How to make a rubber egg

Follow these instructions and find out how to make a bouncy rubber egg. This activity is a fun way to learn about the chemical reactions that occur when you put an egg in vinegar!

You will need

  • hard-boiled egg, with shell on
  • glass of vinegar.

What to do

Use a chemical reaction to dissolve the calcium carbonate that keeps the egg shell strong to make a "rubber" egg

To make your egg bounce you will need to:

  1. Put the egg into the vinegar - you should see bubbles start to form on the egg.
  2. Leave the egg undisturbed for at least a day. You should see some wonderful scum form.
  3. Take the egg out of the vinegar and rinse it with water. The shell will rub off.
  4. Give the egg a poke with your finger and squeeze it gently.

What's happening

Vinegar, or dilute acetic acid, 'eats up' the calcium carbonate in the egg shell, just leaving the inner membrane, or skin, of the egg behind. As the calcium carbonate is responsible for making the shell hard, the vinegar soaked egg feels soft and rubbery.

When calcium carbonate (the egg shell) and acetic acid (the vinegar) combine, a chemical reaction takes place and carbon dioxide gas is released. That's why you see the bubbles.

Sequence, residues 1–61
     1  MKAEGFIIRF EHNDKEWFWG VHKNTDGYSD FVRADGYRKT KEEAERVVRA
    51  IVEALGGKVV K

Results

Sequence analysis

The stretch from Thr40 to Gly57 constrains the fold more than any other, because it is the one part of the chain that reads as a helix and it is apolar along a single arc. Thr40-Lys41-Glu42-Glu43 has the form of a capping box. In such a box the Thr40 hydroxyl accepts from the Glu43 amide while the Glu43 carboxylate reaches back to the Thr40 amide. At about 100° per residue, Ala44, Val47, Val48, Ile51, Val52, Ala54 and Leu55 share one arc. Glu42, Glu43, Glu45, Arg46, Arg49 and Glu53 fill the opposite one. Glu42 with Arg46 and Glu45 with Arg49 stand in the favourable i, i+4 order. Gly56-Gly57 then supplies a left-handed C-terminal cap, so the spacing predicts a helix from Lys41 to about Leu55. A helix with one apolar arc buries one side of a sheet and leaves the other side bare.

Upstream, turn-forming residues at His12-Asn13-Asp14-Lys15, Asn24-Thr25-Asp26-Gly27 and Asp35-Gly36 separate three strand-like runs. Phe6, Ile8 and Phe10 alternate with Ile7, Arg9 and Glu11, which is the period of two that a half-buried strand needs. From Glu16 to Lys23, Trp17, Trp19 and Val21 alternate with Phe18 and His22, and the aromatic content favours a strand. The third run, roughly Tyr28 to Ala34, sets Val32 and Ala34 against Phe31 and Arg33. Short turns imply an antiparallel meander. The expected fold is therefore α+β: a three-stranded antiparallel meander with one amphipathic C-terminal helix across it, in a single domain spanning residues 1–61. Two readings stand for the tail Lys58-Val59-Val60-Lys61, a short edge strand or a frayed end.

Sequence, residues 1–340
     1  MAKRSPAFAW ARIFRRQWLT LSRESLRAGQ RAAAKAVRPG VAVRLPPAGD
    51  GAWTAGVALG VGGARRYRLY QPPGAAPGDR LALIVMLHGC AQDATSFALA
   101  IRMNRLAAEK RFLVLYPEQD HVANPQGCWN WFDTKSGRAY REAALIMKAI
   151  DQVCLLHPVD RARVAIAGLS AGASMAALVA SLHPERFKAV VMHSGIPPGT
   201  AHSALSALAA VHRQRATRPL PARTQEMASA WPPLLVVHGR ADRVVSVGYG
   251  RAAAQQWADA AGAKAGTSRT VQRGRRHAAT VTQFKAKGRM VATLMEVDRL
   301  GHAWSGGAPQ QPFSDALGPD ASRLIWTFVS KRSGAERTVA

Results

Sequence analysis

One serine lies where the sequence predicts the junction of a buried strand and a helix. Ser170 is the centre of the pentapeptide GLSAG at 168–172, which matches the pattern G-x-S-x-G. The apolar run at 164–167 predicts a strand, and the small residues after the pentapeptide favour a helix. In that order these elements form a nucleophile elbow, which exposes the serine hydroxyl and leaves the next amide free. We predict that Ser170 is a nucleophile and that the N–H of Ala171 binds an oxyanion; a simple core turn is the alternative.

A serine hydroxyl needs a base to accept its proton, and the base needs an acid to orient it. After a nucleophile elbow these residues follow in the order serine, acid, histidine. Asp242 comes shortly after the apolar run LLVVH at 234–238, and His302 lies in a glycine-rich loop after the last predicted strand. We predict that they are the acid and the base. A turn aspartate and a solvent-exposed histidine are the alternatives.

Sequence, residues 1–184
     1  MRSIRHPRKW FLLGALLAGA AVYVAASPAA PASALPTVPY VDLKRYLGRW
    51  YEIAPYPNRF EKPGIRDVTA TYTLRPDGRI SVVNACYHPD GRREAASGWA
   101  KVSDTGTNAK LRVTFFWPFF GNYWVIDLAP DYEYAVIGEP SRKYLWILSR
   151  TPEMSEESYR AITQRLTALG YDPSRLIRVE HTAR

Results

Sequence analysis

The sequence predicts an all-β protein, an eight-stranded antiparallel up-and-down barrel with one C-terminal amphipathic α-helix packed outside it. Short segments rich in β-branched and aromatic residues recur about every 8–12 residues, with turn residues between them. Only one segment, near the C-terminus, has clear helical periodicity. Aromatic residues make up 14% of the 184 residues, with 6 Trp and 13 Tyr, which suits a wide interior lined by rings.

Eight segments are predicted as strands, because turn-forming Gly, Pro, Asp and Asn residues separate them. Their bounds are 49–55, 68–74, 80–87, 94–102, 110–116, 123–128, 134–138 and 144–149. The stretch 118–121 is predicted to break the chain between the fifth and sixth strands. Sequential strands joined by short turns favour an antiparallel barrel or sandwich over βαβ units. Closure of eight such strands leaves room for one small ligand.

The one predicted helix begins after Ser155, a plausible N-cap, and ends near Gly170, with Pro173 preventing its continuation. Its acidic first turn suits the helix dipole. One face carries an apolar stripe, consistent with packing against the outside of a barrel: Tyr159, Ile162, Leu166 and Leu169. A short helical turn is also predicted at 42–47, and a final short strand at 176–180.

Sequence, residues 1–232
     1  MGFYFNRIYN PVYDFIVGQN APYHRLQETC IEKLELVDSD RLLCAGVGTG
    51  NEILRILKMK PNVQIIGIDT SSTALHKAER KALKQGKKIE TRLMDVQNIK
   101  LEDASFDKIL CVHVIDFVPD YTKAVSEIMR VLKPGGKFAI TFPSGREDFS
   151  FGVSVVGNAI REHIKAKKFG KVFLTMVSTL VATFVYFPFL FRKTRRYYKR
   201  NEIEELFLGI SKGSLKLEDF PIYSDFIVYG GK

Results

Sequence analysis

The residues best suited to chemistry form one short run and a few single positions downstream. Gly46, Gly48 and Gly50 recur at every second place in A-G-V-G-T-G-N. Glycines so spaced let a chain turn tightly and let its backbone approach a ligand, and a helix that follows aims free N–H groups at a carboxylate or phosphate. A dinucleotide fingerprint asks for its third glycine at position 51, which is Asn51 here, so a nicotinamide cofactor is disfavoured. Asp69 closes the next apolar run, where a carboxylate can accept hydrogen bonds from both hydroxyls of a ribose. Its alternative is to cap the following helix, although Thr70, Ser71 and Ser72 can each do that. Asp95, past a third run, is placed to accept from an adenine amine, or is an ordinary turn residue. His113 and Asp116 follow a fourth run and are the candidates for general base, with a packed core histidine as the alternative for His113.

The chemical reaction keeps happening for about a day until all of the calcium carbonate in the egg is used up. Calcium carbonate is in eggshells, seashells, limestone, and many other materials.

Let's have a closer look at the chemical reaction. Calcium carbonate's formula is CaCO3 and acetic acid is CH3COOH.

So the reaction is: CaCO3 + 2CH3COOH -> Ca(CH3COO)2 + H2O + CO2.

The calcium ions (Ca2+) float free in the solution. Ions are atoms or molecules that have an electric charge due to the loss or gain of electrons.


Limestone is a sedimentary rock that is largely made of calcium carbonate. It is ordinarily white, but may be coloured by impurities; iron oxide making it brown, yellow, or red and carbon making it blue, black, or grey. The texture varies from coarse to fine.

Most limestones are formed over thousands of years from the skeletons of marine invertebrates. Among the important varieties of limestone are marl, chalk, oolite, travertine, dolomite, and marble.

Acid rain causes reactions like the ones in this activity. One kind of acid rain can come from air pollution caused by burning fuels that have sulfur atoms, which when burnt produce sulfur dioxide gas.

When the sulfur dioxide mixes in with rain, it turns to weak sulfuric acid. When the acid rain hits the limestone it slowly makes it fall apart, like the egg shell did. People use limestone in buildings and statues.

This is why over time, buildings and statues are being damaged by acid rain.

If you collect small rock samples and drop them in vinegar, you may see bubbles appear, like they did on the egg. The presence of bubbles indicates that calcium carbonate may be present in the sample.

Calcium carbonate reacts with acids to produce carbon dioxide gas, which we observe as bubbles. This is called the 'acid test'. The 'acid test' is one of many tests that geologists use to determine the identity of a rock sample.


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